Sexual abuse scandal: 5k disabled adults affected in England since 2013, says NSPCC
The latest figures, acquired through a Freedom of Information (FoI) request by the BBC, have been described as only the “visible peak” of a far more widespread problem by the National Society for the Prevention of Cruelty to Children (NSPCC).
The broadcaster discovered that information from 106 local councils yielded 4,748 reports of sexual abuse of disabled adults, with two thirds of the incidents targeting adults with learning difficulties.
“Keeping people safe, including people with learning disabilities, is one of the most important things councils do,” the Local Government Association told the BBC, adding that “councils work hard to ensure support is available when cases of abuse are referred.”
The BBC’s Victoria Derbyshire program submitted FoI requests to a total of 152 councils and obtained details from 106 Councils with Adult Social Services Responsibilities (CASSRs) with the number of incidents they had reported between 2013 and 2015.
They found that 63 percent of assaults were against those with learning disabilities with a further 37 percent against those with physical impairment.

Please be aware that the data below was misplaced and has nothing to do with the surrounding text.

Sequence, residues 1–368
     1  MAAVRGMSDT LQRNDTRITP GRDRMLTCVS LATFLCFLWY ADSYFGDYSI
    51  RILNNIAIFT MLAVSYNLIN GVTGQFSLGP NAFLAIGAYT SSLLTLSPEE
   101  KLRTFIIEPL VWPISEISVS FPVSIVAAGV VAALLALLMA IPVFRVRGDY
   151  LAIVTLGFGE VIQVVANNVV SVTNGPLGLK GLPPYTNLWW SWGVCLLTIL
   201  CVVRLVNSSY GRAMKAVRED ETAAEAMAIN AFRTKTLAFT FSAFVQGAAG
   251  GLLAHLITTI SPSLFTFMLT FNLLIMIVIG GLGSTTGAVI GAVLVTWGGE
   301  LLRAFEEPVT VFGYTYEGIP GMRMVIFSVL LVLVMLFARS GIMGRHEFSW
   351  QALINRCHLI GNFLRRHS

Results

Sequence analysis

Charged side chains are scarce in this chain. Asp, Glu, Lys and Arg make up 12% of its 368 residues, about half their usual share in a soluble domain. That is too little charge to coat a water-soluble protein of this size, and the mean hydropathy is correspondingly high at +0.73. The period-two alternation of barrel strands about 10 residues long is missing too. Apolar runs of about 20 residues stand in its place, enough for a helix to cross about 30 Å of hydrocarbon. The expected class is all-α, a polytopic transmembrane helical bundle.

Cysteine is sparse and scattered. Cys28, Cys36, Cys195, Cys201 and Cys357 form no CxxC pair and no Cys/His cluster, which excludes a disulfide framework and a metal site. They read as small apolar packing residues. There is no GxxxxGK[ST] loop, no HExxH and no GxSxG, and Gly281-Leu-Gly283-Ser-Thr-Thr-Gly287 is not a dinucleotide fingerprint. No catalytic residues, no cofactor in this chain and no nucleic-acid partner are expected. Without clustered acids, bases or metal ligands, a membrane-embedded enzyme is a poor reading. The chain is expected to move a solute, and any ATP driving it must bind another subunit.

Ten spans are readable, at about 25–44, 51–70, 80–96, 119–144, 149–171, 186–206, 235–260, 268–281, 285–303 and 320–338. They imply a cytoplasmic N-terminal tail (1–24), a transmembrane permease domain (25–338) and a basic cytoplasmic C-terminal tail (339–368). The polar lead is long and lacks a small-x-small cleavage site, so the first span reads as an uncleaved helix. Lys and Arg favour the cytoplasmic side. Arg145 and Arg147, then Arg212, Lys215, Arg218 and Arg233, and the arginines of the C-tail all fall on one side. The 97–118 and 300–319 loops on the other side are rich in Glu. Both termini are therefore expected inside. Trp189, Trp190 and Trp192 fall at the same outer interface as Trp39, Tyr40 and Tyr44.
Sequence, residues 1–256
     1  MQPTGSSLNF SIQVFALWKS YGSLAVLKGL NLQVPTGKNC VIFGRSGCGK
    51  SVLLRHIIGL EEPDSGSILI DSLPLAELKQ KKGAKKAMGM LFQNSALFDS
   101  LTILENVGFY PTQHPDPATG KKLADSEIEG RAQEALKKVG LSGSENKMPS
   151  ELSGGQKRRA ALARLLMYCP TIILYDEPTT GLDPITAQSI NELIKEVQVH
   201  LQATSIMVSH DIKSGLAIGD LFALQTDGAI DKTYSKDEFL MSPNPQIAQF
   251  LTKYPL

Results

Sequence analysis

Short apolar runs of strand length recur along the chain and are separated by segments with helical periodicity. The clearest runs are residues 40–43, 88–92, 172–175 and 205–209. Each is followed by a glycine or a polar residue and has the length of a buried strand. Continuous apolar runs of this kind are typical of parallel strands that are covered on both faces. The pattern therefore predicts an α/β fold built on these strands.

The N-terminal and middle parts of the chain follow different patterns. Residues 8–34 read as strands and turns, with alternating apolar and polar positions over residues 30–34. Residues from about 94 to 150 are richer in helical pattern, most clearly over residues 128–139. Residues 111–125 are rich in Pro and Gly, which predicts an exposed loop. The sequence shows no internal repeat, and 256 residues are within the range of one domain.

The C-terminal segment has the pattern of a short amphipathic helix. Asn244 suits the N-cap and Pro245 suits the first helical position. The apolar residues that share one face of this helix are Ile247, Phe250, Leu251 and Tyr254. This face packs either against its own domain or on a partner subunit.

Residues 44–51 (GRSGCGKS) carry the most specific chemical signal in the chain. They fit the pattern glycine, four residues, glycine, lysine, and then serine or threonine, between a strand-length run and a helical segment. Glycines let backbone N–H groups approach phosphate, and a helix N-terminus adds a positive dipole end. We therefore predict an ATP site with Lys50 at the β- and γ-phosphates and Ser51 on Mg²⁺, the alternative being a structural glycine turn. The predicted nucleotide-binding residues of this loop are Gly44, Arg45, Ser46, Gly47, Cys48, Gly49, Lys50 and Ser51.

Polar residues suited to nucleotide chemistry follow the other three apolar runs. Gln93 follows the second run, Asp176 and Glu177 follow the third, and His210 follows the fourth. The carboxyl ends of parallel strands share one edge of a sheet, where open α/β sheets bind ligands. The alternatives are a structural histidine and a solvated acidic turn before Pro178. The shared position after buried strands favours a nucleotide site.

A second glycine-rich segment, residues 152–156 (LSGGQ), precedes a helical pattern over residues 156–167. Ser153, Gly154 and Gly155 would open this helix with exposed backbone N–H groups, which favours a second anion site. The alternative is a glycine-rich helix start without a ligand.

"We know with sexual abuse that many victims find it difficult to speak out” Jon Brown of the NSPCC said, suggesting the current figures are just the “visible peak” of a much worse problem.
He also said that while the figures are only pertained to adult cases, it was likely that there were many cases of child abuse also going unreported.
"We know from research that disabled children and young people are three or four times more likely to be abused and neglected than children and young people who are not disabled.
"Abusers are often very adept at identifying vulnerabilities. And, importantly, we know that it's less likely for children and young people to be believed as well” he said.
Chief executive of the charity ‘Respond’ Noelle Blackman told the BBC she had seen "some horrendous cases" of young people who have been referred to the charity for help, adding that they ranged “from the age of 13, but sometimes younger."
"What we're really noticing at the moment is young people being abused by other young people.
"Often the perpetrators don't have a learning disability, and often there will be gangs of boys who don't have a disability who are grooming girls who do, which is a really worrying trend."